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The museum complex at the front of the Tsim Sha Tsui waterfront. The dome of the Hong Kong Space Museum is in the centre, with the Peninsula Hotel behind it. Photo: SCMP

How the Hong Kong Cultural Centre complex at last gave the city the museums it lacked, 58 years after a report singled out its lack of provision

  • With a few exceptions Hong Kong represented ‘the low-water mark in museum provision throughout the whole of the [British] empire’, a 1933 report found
  • Work began in 1975 on ‘an ambitious civic centre’ in Tsim Sha Tsui to put that right, the Post reported, and in 1991 its columnist hailed the work’s completion

“The Urban Council will build an ambitious civic centre in Kowloon – even bigger than Hongkong’s City Hall,” reported the South China Morning Post on March 8, 1974.

“The Council announced yesterday that the Tsimshatsui Cultural Complex, to be built on the present railway terminus site, will include a museum, art gallery, planetarium, two auditoria, lecture rooms and rehearsal rooms. Construction of the complex is expected to begin by mid-1975.”

“Construction work on phase two of the $474 million complex will begin at the end of this year,” the Post reported on April 19, 1982, and, on May 12, that “the Urban Council is to spend $3.6 million this year on works for its Museum of Art”.

On May 31, 1987, the Post reported that “foundation work on the new museum of art at Tsim Sha Tsui – planned to open in 1990 – has begun following the recent award of an $11.6 million piling contract to a local company”.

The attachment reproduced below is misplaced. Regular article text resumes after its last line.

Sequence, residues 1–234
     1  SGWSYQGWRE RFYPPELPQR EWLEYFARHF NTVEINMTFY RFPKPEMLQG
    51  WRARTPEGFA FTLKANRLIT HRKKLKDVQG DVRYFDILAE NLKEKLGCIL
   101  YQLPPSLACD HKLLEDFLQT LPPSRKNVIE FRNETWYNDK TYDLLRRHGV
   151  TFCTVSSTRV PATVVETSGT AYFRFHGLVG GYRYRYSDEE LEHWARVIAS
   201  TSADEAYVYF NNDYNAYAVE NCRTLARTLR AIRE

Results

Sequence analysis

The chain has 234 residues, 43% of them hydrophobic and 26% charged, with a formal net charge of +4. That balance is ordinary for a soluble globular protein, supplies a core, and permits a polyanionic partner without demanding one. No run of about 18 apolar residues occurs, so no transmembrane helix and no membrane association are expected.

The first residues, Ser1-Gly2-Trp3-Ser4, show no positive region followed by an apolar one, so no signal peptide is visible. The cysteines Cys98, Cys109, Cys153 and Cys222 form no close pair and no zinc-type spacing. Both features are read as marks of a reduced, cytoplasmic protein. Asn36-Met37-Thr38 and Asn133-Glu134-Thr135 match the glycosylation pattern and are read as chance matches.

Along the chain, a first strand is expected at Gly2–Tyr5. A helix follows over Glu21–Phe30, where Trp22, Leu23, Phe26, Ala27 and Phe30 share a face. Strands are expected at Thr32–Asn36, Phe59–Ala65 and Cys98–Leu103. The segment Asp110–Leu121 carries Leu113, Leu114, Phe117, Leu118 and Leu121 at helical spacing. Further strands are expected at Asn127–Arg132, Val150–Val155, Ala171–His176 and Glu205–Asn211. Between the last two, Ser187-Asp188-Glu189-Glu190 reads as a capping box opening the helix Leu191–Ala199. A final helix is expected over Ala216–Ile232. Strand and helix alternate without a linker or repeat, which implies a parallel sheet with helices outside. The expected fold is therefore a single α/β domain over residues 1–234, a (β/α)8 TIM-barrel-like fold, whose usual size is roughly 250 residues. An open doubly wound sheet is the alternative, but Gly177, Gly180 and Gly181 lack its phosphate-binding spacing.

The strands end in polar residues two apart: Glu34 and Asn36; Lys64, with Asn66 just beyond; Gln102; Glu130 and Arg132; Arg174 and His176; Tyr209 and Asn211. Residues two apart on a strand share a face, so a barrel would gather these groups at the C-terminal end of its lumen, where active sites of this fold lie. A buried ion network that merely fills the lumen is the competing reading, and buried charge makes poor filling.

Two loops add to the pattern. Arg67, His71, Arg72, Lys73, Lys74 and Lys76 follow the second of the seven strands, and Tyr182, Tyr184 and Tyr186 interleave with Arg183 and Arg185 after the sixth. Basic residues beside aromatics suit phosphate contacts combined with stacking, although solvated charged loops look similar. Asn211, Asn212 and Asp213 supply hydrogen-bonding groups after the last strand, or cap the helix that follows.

Hong Kong’s Cultural Centre in Tsim Sha Tsui was built on the plot of the old Kowloon Canton railway terminus. The old station’s clock tower is on the right of the photo, taken in 1978. Photo: SCMP

“The new five-storey building is located next to the Space Museum and the Cultural Centre now under construction, and will have a pedestrian plaza covering an area of about 5,000 square metres.”

On January 26, 1988, the Post reported that “the three-wing museum complex should be completed by January 1990 […] the third and final phase of the $800 million Tsim Sha Tsui Cultural Centre development”.

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On November 15, 1991, a Post columnist wrote that “for many in the art world, it comes as a great sense of relief that the project has reached a successful conclusion.

“In 1933, the Museums Association carried out a survey and concluded that Hongkong represented ‘the low-water mark in museum provision throughout the whole of the [British] empire, excepting only the smaller islands of the Pacific and some more backward African territories’.”